Clifton Down Fountain

Location: Bristol, England

Located on Sion Hill at the junction of Gloucester Row and Observatory Road this drinking fountain was erected in 1866. It can be found on the south side of Clifton down near the suspension bridge.

Seated on a two tiered square granite plinth, drinking fountain number 8 from Walter Macfarlane & Co.’s catalogue was manufactured at the Saracen Foundry at Possilpark in Glasgow, the most prolific architectural iron founders in the world. The structure is 9 feet 6 inches high and consists of four columns, from the capitals of which consoles with griffin terminals unite with arches formed of decorated mouldings.

On each side, rope moulded cartouches within each lunette host images with arched faceplates containing inscriptions using raised metal letters. The coat of arms of the City and County of Bristol with its Latin motto Virtute Et Industria, translated as By Virtue And Industry, contains an inscription stating: Jesu, Like Streams From God Thy Spirit Give. This legend is also shown above a shield containing a cockle shell and the initials MCB. The third and fourth sides of the fountain contain the same Bible quotation i.e. Coming To Thee That We May Drink And Live. Amen. Jn XV 26 & VII.37. The third shield contains an inscription, To The Glory Of God In The Use Of Man & Beast; and the fourth shield displays a handshake accompanied by the phrase, The Receiver To The Givers Ever So We May Go. The structure is surmounted by an open filigree dome, the finial being a crown with a pattée cross.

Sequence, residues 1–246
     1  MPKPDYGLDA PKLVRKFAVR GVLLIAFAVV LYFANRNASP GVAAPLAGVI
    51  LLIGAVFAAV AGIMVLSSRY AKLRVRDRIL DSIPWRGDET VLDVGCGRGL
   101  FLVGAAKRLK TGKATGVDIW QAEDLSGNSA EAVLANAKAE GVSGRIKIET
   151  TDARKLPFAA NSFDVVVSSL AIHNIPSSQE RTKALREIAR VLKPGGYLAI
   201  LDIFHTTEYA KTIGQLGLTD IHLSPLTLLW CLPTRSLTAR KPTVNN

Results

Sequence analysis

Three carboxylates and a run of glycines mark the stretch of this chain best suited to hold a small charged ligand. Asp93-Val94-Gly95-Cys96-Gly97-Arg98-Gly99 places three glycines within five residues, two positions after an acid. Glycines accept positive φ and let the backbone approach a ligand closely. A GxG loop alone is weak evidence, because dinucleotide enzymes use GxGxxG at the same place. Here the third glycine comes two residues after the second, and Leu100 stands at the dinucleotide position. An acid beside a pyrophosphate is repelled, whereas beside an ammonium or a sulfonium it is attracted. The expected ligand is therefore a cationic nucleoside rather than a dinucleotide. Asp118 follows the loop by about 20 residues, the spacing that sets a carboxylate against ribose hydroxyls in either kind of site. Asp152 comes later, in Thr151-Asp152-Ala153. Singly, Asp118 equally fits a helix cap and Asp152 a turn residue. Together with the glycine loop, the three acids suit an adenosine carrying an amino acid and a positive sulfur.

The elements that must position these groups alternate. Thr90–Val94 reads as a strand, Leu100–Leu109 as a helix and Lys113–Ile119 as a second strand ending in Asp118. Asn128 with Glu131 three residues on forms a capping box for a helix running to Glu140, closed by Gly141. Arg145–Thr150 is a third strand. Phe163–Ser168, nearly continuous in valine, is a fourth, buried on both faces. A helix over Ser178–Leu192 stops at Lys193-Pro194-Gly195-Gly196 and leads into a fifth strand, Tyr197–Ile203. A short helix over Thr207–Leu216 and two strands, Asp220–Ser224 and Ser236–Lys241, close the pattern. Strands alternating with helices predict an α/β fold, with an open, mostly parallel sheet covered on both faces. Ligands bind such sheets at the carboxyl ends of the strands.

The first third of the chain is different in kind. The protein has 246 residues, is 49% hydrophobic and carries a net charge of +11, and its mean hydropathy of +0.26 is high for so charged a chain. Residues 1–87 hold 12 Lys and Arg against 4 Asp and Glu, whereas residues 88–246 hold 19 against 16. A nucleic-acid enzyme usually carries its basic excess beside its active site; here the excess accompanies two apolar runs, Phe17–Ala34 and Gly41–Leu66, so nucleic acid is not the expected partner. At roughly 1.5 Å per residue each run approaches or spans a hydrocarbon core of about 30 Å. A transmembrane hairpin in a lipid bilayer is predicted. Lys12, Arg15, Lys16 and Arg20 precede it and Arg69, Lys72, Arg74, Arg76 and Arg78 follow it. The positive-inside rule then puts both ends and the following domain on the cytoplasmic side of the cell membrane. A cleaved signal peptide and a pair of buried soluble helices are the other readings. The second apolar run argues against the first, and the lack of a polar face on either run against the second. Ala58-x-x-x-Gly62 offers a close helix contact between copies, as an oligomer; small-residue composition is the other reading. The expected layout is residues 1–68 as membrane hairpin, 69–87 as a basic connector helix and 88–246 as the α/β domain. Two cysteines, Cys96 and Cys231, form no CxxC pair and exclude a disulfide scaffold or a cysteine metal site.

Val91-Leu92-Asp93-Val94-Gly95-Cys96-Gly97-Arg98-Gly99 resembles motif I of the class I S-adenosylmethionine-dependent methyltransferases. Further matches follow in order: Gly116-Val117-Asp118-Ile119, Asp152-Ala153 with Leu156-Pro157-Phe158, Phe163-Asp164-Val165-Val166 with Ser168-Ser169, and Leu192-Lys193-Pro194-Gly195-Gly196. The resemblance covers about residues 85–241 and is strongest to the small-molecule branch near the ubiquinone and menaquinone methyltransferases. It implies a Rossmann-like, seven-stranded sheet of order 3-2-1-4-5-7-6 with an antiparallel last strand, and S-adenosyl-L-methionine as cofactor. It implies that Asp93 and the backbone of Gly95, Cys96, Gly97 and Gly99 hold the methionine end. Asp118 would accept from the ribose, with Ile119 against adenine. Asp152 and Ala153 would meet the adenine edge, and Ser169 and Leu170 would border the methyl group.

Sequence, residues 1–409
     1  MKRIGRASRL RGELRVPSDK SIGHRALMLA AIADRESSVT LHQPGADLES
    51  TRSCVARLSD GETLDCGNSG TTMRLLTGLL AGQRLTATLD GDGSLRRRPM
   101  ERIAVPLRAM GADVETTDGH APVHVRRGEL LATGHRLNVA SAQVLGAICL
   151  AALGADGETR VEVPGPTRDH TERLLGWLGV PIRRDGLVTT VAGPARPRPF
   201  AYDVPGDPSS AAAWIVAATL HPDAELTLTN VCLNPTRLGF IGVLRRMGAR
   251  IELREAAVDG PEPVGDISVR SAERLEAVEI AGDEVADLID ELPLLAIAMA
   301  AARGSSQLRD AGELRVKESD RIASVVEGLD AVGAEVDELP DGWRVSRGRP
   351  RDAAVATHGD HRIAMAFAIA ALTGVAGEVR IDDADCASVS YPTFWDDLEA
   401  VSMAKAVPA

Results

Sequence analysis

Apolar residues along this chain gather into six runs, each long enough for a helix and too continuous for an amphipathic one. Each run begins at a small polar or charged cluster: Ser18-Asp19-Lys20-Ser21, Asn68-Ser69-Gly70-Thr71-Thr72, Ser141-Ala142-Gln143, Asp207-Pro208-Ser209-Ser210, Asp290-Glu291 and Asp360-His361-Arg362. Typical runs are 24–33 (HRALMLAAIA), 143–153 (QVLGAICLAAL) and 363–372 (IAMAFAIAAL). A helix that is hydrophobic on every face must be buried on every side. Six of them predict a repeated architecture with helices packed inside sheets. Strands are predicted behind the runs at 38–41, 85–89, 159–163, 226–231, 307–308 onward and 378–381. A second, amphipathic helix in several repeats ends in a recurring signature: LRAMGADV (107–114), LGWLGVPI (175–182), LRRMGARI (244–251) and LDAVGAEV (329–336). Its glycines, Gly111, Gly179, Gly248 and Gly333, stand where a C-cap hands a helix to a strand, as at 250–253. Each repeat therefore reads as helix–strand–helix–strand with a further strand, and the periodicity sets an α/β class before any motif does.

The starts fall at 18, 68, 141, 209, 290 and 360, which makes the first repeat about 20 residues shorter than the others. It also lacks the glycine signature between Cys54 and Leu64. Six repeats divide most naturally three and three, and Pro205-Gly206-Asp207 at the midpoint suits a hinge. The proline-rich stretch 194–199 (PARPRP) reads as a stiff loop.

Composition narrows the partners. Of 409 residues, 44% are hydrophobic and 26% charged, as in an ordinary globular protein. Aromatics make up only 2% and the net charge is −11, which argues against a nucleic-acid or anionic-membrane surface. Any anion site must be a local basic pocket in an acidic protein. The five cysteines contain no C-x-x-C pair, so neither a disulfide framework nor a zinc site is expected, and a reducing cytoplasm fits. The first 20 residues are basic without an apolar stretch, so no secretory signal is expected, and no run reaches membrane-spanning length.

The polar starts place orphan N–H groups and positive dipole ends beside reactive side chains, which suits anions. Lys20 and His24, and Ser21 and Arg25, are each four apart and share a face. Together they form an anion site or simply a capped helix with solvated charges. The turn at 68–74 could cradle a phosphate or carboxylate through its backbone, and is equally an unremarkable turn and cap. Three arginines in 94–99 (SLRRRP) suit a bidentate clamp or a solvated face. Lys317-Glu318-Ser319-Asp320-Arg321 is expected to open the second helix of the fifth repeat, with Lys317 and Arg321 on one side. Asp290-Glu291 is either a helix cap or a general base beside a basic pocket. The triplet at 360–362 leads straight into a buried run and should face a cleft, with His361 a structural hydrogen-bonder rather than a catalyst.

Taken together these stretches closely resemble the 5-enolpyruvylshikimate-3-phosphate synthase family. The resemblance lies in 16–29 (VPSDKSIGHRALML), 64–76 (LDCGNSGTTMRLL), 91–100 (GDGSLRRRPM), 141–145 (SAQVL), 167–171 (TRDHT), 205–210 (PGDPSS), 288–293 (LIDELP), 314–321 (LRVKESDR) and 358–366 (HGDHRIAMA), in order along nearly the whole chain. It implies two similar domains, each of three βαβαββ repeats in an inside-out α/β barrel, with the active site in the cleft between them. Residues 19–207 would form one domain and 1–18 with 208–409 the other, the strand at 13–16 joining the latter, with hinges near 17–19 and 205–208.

Under the canopy there was originally a font (casting number 7) 5 foot 8 inches high. The basin which had a scalloped edge and decorative relief was supported by a single decorative pedestal with four pilasters and four descending salamanders, a symbol of courage and bravery. A central urn with four consoles offered drinking cups suspended by chains. The terminal was a crane. A small basin at ground level was available for the use of dogs.The font was later (circa 1980) replaced with a bubbler type fountain which no longer exists.

Symbolism was popular in Victorian times. Griffins are symbolic of guardians of priceless possessions, salamanders display bravery and courage that cannot be extinguished by fire, and cranes are recognized as a symbol of vigilance.

The structure was recorded as a British listed building, category Grade II, on 4 March 1977.


  • Capital: The top of a column that supports the load bearing down on it
  • Cartouche, a structure or figure, often in the shape of an oval shield or oblong scroll, used as an architectural or graphic ornament or to bear a design or inscription
  • Console: a decorative bracket support element
  • Filigree, fine ornamental work
  • Finial, a sculptured ornament fixed to the top of a peak, arch, gable or similar structure
  • Fret, running or repeated ornament
  • Griffin, winged lion denotes vigilance and strength, guards treasure and priceless possessions
  • Lunette, the half-moon shaped space framed by an arch, often containing a window or painting
  • Pattée cross, a cross with arms that narrow at the centre and flare out at the perimeter
  • Pedestal, an architectural support for a column or statue
  • Pilaster, a column form that is only ornamental and not supporting a structure
  • Plinth, flat base usually projecting, upon which a pedestal, wall or column rests
  • Terminal, statue or ornament that stands on a pedestal

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